MacLean-Fogg Launches Threadstrong Aftermarket Wheel Fasteners

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MacLean-Fogg Component Solutions has launched the Threadstrong brand of replacement wheel fasteners. // Courtesy of MacLean-Fogg
MacLean-Fogg Component Solutions has launched the Threadstrong brand of replacement wheel fasteners. // Courtesy of MacLean-Fogg

MacLean-Fogg Component Solutions (MFCS), a Detroit-based supplier of original equipment automotive components, has launched the Threadstrong brand of replacement wheel fasteners and an accompanying e-commerce website: www.Threadstrong.us.

Threadstrong aftermarket wheel fasteners are engineered and built in MFCS factories in Michigan and Illinois.

“We are well known as the leading OEM supplier in North America for high performance, decorative wheel fasteners,” says Brad Southwood, vice president of sales and marketing at MFCS. “It’s always been frustrating to us to see the aftermarket flooded with inferior, low-quality and potentially dangerous replacement wheel fasteners of unknown origin. So, we decided to do something about it.”

The brand is launching with a limited number of applications in both stainless steel and black appearance with new applications to be added soon.

“No team is more knowledgeable about how to engineer and manufacture safe and durable wheel fasteners than the MacLean-Fogg team,” says Rob Whitney, president of the MFCS Fastener Division. “We’ve been the leading supplier to many of the world’s largest automakers for over 40 years. We want the aftermarket consumers to know that when they buy a Threadstrong wheel fastener, they can trust it was made in the U.S.A to all of the needed safety specifications.”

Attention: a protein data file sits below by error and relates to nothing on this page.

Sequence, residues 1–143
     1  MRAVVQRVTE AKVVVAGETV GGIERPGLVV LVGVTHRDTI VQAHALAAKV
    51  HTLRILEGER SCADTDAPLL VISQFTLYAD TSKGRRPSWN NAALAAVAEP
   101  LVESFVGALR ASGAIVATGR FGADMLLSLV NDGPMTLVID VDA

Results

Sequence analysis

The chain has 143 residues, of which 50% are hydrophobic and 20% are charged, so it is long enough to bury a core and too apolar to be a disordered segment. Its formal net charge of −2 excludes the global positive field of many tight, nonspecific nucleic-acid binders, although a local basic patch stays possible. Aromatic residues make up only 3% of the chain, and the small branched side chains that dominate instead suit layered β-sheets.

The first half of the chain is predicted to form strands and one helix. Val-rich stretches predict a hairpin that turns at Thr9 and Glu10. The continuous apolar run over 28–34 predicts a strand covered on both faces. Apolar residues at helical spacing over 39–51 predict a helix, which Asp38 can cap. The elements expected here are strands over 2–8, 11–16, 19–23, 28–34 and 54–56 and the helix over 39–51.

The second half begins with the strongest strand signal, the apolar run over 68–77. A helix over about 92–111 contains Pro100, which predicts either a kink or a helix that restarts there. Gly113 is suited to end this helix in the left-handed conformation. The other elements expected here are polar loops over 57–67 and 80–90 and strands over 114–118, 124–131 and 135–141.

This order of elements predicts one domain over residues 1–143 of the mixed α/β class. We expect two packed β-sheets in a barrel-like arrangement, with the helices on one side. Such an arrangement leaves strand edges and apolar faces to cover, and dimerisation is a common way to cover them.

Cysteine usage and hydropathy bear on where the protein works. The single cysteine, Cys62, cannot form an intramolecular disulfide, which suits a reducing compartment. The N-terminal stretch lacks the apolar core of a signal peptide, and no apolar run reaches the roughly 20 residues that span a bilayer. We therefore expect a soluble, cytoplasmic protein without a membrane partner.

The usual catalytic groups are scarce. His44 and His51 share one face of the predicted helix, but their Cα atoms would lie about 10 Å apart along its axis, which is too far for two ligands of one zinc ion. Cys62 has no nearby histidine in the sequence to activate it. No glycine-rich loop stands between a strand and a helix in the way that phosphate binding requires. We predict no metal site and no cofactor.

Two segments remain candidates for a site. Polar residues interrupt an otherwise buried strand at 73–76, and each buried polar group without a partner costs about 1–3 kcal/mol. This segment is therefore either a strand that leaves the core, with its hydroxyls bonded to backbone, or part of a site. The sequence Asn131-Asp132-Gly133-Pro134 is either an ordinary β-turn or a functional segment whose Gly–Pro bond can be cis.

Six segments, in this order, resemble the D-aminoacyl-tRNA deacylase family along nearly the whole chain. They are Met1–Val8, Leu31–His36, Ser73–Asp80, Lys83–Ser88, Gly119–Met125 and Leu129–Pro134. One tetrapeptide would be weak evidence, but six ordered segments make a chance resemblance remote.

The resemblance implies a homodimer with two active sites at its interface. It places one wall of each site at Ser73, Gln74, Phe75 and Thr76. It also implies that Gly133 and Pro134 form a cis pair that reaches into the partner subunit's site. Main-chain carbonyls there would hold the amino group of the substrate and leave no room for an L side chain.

Mark Raves, director of wheel fastener engineering at MFCS, says a lot goes into wheel fasteners that the general public doesn’t think about.

“Beyond just obvious considerations like material strength, corrosion resistance, and durability, there is a tremendous amount of engineering and quality control that goes into controlling the friction of the fastener’s load bearing surface against the wheel,” Raves explains. “Too much friction and the wheel fastener will torque down while still being loose against the wheel, creating a potentially unsafe condition. Too little friction and the act of torqueing the nut down can overstretch the stud creating a wheel stud failure.”

For more information, visit here.

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